Ghost Avenue – Impact (Pitch Black Records)Wednesday, 8th February 2017
Scandinavian countries have a wide array of appeal in most heavy metal sub-genres. Although best known for their extreme death/black acts, there’s usually a percolating melodic or musicianship quality that provides enduring interest to these artists. Norwegian act Ghost Avenue align on the 80’s heavy metal and classic rock side of the fence, together since 2002 as this third studio full-length Impact hits the marketplace. Previously privy to their self-titled release in 2013, we have a quintet that prefer to keep their riffing, tempos, and hooks more in a mid-tempo pocket, reaching for an overall strong band presentation that keeps the vocal/guitar action locked and loaded for prime connection.
Choosing to go the conceptual route for the lyrics this time, the storyline tackles an alien invasion for earth and the subsequent battle for humanity’s freedom. On initial airing of tracks like “Dancing with the Devil” and slightly darker, low-end driven “Escape”, the stellar, gritty delivery of vocalist Kim Ihsak Sandvik sets Ghost Avenue apart boatloads from their contemporaries. He has the arena ready range and personality that reflect seasoning and experience, cut from the cloth of Ronnie Atkins of Pretty Maids, the much-missed Andrew ‘Mac’ McDermott of Threshold, plus the better aspects of Sebastian Bach during his Slave to the Grind period. Early Iron Maiden guitar aspects come in to focus for “The Prison”, although the rhythm section chooses to lay back into a comfortable groove to allow the marching strains from guitarists André Berger and Øystein Wiik ample room to shine, the emotive lead break in line with the main hook.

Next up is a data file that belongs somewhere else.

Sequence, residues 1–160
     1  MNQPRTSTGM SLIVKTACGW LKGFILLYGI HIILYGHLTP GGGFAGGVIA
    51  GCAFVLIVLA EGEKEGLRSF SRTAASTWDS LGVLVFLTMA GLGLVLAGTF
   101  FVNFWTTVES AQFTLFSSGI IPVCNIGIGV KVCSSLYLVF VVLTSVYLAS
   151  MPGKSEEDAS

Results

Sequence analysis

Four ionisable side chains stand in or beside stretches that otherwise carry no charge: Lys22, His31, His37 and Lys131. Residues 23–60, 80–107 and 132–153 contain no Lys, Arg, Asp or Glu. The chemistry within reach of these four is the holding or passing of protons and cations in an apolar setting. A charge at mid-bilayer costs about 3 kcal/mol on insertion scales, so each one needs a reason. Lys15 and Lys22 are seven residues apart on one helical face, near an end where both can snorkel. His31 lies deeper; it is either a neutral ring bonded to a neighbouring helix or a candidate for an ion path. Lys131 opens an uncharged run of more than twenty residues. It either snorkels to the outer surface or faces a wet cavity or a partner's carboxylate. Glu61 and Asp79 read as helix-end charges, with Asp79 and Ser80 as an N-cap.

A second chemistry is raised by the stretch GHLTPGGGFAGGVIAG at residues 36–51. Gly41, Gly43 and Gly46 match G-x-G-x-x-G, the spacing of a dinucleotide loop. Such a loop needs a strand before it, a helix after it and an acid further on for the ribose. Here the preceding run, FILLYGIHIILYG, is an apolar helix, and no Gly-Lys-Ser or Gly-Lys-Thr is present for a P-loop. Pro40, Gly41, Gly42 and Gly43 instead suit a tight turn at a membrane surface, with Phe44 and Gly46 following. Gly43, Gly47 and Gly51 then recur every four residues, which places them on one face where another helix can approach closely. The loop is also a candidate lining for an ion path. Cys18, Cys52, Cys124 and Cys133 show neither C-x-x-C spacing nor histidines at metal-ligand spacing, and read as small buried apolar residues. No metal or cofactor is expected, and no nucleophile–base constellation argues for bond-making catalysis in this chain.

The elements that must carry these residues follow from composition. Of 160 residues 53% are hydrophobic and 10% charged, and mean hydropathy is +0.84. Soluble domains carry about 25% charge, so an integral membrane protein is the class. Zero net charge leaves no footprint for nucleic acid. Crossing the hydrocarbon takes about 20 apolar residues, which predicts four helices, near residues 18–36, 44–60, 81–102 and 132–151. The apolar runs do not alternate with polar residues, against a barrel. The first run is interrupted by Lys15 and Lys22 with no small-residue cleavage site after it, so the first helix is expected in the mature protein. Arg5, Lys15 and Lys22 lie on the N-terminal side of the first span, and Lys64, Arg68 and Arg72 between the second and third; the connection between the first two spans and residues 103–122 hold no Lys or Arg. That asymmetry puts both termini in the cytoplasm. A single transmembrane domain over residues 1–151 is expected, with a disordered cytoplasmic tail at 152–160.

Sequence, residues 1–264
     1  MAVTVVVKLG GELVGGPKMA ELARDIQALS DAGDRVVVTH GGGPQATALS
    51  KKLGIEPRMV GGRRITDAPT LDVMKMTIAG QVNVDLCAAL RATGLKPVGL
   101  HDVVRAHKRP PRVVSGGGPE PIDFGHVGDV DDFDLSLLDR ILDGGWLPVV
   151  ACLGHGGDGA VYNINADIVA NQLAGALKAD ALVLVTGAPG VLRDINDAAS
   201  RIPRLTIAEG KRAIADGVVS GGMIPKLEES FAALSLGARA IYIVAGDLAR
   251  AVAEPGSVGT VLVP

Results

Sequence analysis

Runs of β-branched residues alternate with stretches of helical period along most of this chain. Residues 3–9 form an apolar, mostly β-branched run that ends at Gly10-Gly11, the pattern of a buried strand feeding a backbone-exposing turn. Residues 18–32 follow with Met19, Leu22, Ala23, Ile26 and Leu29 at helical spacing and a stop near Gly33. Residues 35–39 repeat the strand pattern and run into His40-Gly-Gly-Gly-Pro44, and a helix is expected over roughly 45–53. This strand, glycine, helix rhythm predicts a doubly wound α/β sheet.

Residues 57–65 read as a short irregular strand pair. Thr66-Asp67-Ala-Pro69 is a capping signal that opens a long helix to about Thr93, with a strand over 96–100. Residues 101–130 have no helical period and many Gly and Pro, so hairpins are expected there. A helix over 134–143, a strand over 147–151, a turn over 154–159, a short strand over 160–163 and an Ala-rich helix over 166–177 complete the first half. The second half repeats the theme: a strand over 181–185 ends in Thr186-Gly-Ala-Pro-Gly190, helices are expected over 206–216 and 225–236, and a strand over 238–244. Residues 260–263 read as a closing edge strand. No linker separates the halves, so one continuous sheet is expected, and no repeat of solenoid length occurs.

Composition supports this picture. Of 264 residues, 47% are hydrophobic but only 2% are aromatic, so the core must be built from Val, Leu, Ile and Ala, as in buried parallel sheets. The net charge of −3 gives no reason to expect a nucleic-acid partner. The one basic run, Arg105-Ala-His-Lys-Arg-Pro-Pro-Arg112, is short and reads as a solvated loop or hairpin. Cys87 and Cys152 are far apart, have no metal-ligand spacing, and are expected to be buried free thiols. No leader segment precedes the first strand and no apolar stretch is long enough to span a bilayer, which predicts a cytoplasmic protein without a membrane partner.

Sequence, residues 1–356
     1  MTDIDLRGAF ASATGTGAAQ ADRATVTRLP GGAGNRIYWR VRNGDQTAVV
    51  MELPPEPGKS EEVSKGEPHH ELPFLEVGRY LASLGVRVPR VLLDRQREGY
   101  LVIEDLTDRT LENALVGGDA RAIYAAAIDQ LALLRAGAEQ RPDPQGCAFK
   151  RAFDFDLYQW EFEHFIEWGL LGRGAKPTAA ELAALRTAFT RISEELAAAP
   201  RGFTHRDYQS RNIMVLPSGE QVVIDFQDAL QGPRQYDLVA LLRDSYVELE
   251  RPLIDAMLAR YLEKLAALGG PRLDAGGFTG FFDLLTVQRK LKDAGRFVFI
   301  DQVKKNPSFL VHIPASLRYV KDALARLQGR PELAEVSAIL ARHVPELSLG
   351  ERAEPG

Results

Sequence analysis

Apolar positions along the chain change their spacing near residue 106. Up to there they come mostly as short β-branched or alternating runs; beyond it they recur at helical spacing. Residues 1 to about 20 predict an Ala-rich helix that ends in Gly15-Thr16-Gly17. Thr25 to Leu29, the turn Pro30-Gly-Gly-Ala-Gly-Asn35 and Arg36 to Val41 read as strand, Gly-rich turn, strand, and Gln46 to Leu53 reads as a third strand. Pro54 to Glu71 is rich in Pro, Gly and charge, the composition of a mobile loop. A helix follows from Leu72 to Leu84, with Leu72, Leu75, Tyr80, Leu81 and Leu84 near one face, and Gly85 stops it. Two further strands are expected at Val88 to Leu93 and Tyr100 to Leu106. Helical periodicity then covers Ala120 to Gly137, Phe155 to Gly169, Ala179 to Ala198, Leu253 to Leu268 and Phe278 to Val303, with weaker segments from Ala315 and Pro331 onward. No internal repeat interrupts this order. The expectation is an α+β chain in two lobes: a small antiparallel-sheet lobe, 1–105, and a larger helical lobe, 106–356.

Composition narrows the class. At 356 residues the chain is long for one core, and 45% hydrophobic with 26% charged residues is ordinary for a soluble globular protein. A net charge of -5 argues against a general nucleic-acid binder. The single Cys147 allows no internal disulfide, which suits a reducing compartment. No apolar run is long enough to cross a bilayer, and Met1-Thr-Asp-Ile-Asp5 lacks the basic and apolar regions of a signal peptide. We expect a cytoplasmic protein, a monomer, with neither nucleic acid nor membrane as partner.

The classic/arena rock feel comes in at times through special sound effects or simpler transitions, the type you heard in the 80’s from Dokken or Judas Priest to make “Time Traveller” and the power ballad “Construction” easy to click with a wider variety of followers. Impact is the type of record that won’t wow people immediately out of the gate – yet submits quietly into the brain/body recesses to the point that you’ll be humming or tapping along, ready for multiple playbacks. Not necessarily the flashiest or highest energy act going today, Ghost Avenue nonetheless deserve praise and attention for keeping 80’s-oriented, mid-tempo heavy metal alive, and this album proves well worth the investment.